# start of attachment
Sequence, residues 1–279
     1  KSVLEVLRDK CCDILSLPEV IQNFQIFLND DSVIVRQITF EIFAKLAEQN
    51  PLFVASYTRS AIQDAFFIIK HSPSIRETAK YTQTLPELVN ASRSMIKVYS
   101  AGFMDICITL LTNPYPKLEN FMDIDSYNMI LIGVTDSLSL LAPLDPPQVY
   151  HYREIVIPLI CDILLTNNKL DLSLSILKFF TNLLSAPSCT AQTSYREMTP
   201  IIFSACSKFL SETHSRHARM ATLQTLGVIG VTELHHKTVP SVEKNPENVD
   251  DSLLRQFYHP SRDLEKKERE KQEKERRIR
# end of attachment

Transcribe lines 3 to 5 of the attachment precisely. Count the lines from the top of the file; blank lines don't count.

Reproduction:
    51  PLFVASYTRS AIQDAFFIIK HSPSIRETAK YTQTLPELVN ASRSMIKVYS
   101  AGFMDICITL LTNPYPKLEN FMDIDSYNMI LIGVTDSLSL LAPLDPPQVY
   151  HYREIVIPLI CDILLTNNKL DLSLSILKFF TNLLSAPSCT AQTSYREMTP